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Jewish filmmakers inspire New German Cinema within the discursive landscape of the German “Heimat”


Anti-Heimat Cinema: The Jewish Invention of the German Landscape studies an overlooked yet fundamental element of German popular culture in the twentieth century. In tracing Jewish filmmakers’ contemplations of “Heimat”—a provincial German landscape associated with belonging and authenticity—it analyzes their distinctive contribution to the German identity discourse between 1918 and 1968. In its emphasis on rootedness and homogeneity Heimat seemed to challenge the validity and significance of Jewish emancipation. Several acculturation-seeking Jewish artists and intellectuals, however, endeavored to conceive a notion of Heimat that would rather substantiate their belonging.
This book considers Jewish filmmakers’ contribution to this endeavor. It shows how they devised the landscapes of the German “Homeland” as Jews, namely, as acculturated “outsiders within.” Through appropriation of generic Heimat imagery, the films discussed in the book integrate criticism of national chauvinism into German mainstream culture from World War I to the Cold War. Consequently, these Jewish filmmakers anticipated the anti-Heimat film of the ensuing decades, and functioned as an uncredited inspiration for the critical New German Cinema.

Ofer Ashkenazi is Associate Professor of History at the Hebrew University of Jerusalem.

Anti-Heimat Cinema presents a solid, interesting, and convincing contribution to one of the most central and fundamental scholarly discussions in German Studies: the place of German Jewish culture within German culture. It makes an important contribution to German film history and the history of the Anti-Heimat genre.”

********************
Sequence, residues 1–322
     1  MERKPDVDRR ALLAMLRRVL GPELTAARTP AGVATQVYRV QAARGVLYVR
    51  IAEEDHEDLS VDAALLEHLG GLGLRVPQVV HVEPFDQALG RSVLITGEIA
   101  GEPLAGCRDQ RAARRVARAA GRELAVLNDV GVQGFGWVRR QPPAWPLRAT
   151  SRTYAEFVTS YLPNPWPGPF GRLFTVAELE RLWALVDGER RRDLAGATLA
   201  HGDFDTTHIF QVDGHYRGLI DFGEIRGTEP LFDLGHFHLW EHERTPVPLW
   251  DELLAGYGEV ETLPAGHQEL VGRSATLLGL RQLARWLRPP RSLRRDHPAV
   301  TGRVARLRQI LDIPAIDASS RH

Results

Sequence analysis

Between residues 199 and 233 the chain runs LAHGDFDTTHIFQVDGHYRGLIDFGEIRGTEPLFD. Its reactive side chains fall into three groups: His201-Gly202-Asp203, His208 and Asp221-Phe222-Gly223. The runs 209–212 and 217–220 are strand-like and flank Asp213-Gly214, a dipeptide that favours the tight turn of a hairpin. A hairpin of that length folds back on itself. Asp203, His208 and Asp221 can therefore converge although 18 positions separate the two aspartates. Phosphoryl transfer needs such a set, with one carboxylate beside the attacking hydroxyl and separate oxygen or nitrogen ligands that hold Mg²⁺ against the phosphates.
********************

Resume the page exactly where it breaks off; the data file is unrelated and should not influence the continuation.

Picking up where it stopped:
—Todd Herzog, University of Cincinnati

- Todd Herzog

"... Ofer Ashkenazi’s analysis of Jewish contributions to German Heimat culture adds plenty of new insights and complications... As such, Ashkenazi’s research is a timely reminder of how long-proclaimed truths can require re-examination, and presumed absences can invite a closer look." - Germany History 

- Germany History

"...Ashkenazi makes a significant contribution to the scholarship on German Jewish filmmakers. He is particularly good at arguing how earlier and later films each interact with and rewrite one another, especially when seen from his study’s larger perspective—the insistently recurring cinematic portrayals of German Heimat."

- Monatshefte

"[Anti-Heimat Cinema] seeks to fill a lacuna in the film historical research and writing on German cinema: that of the role Jewish-German filmmakers have played in the formation of a German cinematic language, and specifically the genre of Heimatfilm, from the early days of cinema to the Cold War period. Indeed, this book is an important step toward a more detailed exploration of the impact German-Jewish filmmakers had not just in Weimar cinema but well beyond. It also serves as an invitation to extend these explorations – whether it be to additional filmmakers and periods or to further reception histories and contexts."
New Review of Film and Television Studies

- Kajsa Philippa Niehusen